After being provided with the rater's information that the automobile tested rated "superior" on gas mileage and the treatment causal allocation, the subjects were asked to respond to several questions. The first question asked "How much confidence would you have in your assignment of percentages for the product rater's opinion about the automobile's gas mileage" (confidence in the schema). The second question asked "How confident do you think you would be that the product rater's opinion of the automobile's gas mileage was accurate; i.e., that the automobile actually had superior gas mileage?" This measured the subjects' confidence in the rater's opinion. The subjects' responses were gauged on a nine point scale that ranged from "No confidence" (#1) to "Complete confidence'' (#9).

They were then asked a question about the strength of their belief that the automobile had superior gas mileage (unlikely--#1, to likely --#9), and the strength of their affect toward the stimulus product (extremely low appeal --#1, to extremely high appeal--#9). Finally, they were asked," ... If you felt that an automobile's gas mileage was very important, what do you think is the probability that you would actually consider purchasing this automobile if you were in the market when it is introduced?" Their response was scored on a scale that ranged from "very low probability" (0%) to "very high probability" (100%). All hypotheses were tested with a one-way analysis of variance, with each replication tested separately.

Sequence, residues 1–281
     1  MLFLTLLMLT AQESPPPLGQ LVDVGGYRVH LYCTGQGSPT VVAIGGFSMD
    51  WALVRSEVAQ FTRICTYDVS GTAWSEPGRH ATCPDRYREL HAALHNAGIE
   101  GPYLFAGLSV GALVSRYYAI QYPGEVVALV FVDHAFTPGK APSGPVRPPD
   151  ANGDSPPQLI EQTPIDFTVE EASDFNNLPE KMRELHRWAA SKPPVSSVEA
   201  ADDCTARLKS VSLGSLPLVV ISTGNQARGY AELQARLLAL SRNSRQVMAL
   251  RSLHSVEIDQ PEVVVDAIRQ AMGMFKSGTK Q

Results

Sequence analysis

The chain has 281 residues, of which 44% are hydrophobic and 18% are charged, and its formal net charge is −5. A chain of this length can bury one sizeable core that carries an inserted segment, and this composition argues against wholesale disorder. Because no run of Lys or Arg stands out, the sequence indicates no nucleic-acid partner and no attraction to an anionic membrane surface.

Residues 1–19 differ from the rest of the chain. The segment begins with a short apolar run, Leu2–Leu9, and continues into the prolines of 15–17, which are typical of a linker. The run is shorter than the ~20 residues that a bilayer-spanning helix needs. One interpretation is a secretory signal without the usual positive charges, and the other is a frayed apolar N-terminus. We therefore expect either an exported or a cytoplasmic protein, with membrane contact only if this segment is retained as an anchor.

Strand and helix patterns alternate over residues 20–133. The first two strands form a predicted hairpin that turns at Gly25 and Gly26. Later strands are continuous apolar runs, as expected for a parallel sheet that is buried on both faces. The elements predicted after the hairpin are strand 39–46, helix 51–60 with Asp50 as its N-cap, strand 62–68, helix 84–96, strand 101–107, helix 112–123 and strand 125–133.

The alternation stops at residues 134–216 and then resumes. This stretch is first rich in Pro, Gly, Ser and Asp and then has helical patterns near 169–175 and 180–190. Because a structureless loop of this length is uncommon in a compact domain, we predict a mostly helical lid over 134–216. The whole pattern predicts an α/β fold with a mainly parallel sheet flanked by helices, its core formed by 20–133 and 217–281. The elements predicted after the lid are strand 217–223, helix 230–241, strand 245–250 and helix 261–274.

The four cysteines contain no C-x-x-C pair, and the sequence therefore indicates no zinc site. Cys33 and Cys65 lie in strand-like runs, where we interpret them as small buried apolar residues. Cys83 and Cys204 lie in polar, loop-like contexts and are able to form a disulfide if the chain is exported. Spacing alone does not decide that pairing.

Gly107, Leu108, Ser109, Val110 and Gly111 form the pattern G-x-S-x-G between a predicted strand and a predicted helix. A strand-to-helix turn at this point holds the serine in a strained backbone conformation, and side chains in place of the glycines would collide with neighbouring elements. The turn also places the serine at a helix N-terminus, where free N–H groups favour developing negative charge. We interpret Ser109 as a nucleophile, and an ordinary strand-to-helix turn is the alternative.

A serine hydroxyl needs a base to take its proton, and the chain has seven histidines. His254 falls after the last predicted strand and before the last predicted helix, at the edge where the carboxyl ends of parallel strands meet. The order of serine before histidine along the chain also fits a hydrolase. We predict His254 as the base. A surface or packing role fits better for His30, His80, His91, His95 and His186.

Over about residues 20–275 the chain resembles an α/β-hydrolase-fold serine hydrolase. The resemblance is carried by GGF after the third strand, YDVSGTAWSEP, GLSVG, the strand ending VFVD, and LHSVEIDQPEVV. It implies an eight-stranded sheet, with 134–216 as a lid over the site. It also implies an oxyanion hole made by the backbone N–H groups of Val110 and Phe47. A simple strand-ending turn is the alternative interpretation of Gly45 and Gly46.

Interpersonal Replication II